The EU has been preparing for a substantial transition of its energy sector to address the urgency of climate change. The Czech Republic has proposed raising the share of its renewable energy sources (RES) in the gross final energy consumption from the current 15% (approximately) to 22% by 2030 to contribute to the EU-wide goal of obtaining 32% of gross final energy consumption from RES by the same year. This means there will be a focus on developing RES in the Czech Republic, and the Czech government also plans to substantially strengthen the role of nuclear energy while allowing the coal-fired energy to decline.
This energy transition is likely to bring many business opportunities in upcoming years. For the transition to be as smooth as possible, the legal framework will have to adapt to current as well as to future trends. We have recently seen a number of legislative initiatives being prepared in the Czech Republic which reflect these trends, although there is still much (legislative) work to be done.
The centerpiece of these legislative changes is an amendment to Act on the Subsidy of Renewable Sources of Energy (the “RES Amendment”). The Czech government approved the RES Amendment in late April 2020. If adopted, the RES Amendment will significantly change the system of subsidizing RES in the Czech Republic. For new projects, it proposes abandoning the feed-in tariff system and keeping in place only hourly green bonuses for RES with an installed capacity of less than 1 MW (6 MW in the case of wind energy). For sources with a higher installed capacity, the RES Amendment proposes introducing an auction system in which the bidder agreeing to deliver the required capacity at the lowest price will be granted the subsidy. It is anticipated that this new system will apply to new energy sources put into operation in and after 2021. Additionally, the amendment provides the basis for supporting biomethane production in the form a green bonus.
From 2008 to early 2011, the Czech Republic experienced a rapid development in solar power plants, which benefitted from a subsidy that did not reflect the falling costs of solar power plant construction fast enough, making the plants very lucrative for investors. This period is usually referred to as the “solar boom.” Various Czech politicians (including the current Czech president) are vocal critics of the costs to the state budget caused by the “solar boom.” As a result, and in accordance with series of decisions issued by the European Commission between 2014–2017, the RES Amendment will set out a mechanism for retrospectively assessing the adequacy of the state subsidy for RES put into operation between January 1, 2006 and December 31, 2015 to address the alleged “over-compensation,” which will be measured on the basis of the internal rate of return of the sources. The most recent version, approved by the Czech government in late April 2020, appears to be least favorable for solar power plants.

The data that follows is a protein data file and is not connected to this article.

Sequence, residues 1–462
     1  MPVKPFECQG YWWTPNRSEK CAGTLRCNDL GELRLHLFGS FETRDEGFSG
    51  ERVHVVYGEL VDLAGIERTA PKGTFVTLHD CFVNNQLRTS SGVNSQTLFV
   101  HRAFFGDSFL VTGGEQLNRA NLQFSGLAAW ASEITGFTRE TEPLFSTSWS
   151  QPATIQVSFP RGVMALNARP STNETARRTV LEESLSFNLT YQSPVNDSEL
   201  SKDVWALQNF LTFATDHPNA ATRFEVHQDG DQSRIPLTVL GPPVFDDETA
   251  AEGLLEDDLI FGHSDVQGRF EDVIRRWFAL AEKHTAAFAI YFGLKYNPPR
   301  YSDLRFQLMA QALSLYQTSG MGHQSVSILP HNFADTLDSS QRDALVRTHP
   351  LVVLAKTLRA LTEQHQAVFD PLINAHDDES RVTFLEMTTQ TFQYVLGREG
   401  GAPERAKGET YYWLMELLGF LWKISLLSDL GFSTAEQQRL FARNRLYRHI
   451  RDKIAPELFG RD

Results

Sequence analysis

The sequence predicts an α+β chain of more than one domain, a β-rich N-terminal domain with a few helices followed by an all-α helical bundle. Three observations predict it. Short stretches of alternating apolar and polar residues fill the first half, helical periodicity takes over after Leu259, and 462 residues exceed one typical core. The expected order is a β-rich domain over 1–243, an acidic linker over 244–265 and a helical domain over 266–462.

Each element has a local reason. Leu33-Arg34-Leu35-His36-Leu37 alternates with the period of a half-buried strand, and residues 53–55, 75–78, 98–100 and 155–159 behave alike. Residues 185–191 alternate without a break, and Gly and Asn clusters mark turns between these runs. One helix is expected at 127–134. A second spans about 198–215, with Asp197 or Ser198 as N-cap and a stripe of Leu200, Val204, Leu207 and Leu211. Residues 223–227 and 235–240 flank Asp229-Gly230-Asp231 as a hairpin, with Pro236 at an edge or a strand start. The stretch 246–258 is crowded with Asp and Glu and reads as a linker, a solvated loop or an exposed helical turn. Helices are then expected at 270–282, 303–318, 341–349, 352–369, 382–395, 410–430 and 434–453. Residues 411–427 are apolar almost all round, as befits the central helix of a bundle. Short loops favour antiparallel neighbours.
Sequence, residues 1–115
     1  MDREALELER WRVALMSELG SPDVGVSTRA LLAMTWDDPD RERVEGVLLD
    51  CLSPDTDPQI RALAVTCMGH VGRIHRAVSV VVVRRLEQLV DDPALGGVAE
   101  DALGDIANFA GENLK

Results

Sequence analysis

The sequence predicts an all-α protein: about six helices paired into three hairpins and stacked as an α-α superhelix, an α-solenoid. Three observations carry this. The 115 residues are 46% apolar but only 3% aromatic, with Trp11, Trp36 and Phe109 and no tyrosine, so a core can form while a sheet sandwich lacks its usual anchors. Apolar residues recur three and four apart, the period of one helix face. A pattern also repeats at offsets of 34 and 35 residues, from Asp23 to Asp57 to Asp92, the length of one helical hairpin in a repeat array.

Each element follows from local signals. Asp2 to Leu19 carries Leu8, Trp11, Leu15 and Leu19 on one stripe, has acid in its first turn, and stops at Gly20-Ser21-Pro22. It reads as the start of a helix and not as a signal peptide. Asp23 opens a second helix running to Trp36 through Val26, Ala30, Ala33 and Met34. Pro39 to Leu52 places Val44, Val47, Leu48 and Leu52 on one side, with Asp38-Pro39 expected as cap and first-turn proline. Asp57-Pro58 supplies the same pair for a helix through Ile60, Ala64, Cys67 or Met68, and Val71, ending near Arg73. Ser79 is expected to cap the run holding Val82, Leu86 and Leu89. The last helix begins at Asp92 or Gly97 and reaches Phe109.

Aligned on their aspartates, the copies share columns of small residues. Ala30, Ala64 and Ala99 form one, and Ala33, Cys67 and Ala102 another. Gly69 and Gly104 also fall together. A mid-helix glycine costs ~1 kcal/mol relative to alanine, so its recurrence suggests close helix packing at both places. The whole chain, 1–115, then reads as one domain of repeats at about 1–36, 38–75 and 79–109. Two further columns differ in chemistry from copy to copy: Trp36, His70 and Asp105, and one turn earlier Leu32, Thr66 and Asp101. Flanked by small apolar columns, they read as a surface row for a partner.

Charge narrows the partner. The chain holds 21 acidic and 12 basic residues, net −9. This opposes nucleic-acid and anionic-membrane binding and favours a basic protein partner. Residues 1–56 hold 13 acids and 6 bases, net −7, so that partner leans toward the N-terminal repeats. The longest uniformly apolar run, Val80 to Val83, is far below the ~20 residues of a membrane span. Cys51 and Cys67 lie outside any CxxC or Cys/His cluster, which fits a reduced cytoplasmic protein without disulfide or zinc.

Furthermore, the Czech government has also been taking steps to build a new nuclear reactor at the Dukovany nuclear power plant. It has been announced that a tender to build the new reactor should commence later in 2020 and should be finished by the end of 2022. The ambitious plan is that construction should start in 2029 and be completed by 2036. The Czech Ministry of Trade and Industry has been instructed to draft a new law on measures for transitioning to low carbon energy (the main principles of which are yet to be announced).
The Czech government is also preparing an entirely new Energy Act. In October 2019, the Czech Ministry of Trade and Industry presented the principles of a new Energy Act, designed to address the transition of the energy sector and decline in the use of carbon energy, to the government. A draft of this new Energy Act is not yet publicly available.
On January 1, 2021, an amendment to the Act on the Conditions for Trading with Emission Allowances, transposing recent EU legislation, will come into effect. Among other things, this amendment implements an innovation fund which will help companies and households finance certain energy innovation projects. It was previously reported that about CZK 100 billion – approximately EUR 4 billion – will be made available to the fund over the ten-year period, but the final figure has not yet been determined.
By Lukas Janicek, Partner, and Lukas Vymola, Associate, CMS Prague